The claimant alleges that the process was flawed in that allegations relating to incidents investigated earlier on were later ignored with no explanation given for. Furthermore, it was stated that allegations relating to one particular shift become the focus of attention and was the reason for dismissal.

The claimant accepted that he had been trained up in the company’s procedure but argued that such training did not occur regularly and that if the claimant had been advised that he was breaching procedure, he would have desisted from the practice. The claimant accepted that it was not custom and practice to breach these procedures.

The claimant argued that the decision to dismiss was made without a full and fair investigation and the sanction of dismissal was both inappropriate and disproportionate. The claimant also argued that he was dismissed summarily, unfairly, and did not receive minimum notice nor payment in lieu of notice.

Respondent’s Submission and Presentation:

The Respondent is a retail subsidiary company of a fuel and convenience brand with stations across the country. In mid-April 2015 they undertook a review of staff uptake of meal and beverages and noticed a number of irregularities. This resulted in a spot-check review of CCTV footage. The respondent showed CCTV to the claimant and suspended him with pay pending an investigation. A subsequent investigatory meeting took place wherein the claimant was represented by SIPTU and the claimant was advised that he was being investigated in relation to up to 10 alleged breaches in the Company Staff Meal and Beverage Policy and Staff Cash Policy regarding a number of alleged irregularities. These irregularities were said to have occurred over a period from February 28th until April 24tharound the claimant’s alleged consumption of goods without payment, the fuelling of his car and failure to make payment and his failure to process items purchased through the till despite receiving payment for same.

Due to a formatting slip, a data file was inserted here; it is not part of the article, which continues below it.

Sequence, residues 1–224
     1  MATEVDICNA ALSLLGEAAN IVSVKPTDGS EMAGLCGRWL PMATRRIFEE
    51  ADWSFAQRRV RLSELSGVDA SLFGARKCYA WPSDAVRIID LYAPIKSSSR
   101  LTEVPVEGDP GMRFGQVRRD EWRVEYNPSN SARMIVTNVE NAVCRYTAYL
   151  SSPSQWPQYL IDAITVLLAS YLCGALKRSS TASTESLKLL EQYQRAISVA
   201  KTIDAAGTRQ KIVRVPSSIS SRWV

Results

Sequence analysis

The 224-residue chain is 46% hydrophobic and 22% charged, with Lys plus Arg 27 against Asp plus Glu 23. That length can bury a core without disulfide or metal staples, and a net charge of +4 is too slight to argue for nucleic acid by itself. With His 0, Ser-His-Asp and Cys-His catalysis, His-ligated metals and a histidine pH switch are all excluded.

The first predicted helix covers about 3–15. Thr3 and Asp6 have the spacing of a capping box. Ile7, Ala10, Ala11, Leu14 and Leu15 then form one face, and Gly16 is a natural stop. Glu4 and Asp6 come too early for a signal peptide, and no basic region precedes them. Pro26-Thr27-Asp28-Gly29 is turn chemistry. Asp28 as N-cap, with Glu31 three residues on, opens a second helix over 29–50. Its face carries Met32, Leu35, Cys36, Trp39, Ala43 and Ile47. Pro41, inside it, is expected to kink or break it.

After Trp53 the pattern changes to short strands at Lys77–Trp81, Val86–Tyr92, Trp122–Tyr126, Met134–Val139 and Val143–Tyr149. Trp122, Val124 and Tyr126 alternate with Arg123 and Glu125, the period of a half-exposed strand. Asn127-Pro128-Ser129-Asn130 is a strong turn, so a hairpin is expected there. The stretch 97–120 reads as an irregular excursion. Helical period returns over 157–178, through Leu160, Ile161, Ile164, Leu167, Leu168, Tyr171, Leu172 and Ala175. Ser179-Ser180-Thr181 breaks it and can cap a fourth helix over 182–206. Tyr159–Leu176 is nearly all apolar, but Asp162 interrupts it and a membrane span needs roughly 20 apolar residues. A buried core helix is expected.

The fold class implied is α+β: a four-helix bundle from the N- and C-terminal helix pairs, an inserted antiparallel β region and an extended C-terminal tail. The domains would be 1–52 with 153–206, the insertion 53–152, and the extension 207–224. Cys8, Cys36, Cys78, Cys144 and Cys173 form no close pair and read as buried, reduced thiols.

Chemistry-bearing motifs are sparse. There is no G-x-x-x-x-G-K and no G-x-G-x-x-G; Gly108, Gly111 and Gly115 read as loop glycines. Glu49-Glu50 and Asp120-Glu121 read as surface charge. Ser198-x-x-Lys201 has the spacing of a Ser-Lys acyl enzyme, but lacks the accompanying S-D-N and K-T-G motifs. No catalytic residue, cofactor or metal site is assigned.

It was the respondent’s case which was not disputed by the claimant that a number of opportunities were given to the Claimant to review the CCTV and that the claimant later emailed the respondent to say that there was no need to show anymore footage to the claimant as it would not assist them further in the matter.

The Respondent met with the claimant on 8th June2015 and advised him on the 10th June 2015 that he was being dismissed in relation to breaches of the company Staff Meal and Beverage Policy, the Staff Cash Policy and the Honesty and Integrity Policy that occurred over one shift (April 24th/25th). The latter breach was in relation to money removed from a charity box. The claimant was offered an opportunity to appeal the decision to dismiss. This appeal meeting took place on 23rd June 2015 and the Claimant was advised that the decision to dismiss was upheld. The respondent referenced in their submission that their decision to dismiss was owing to a “pattern of behaviour over…a 2 month period”.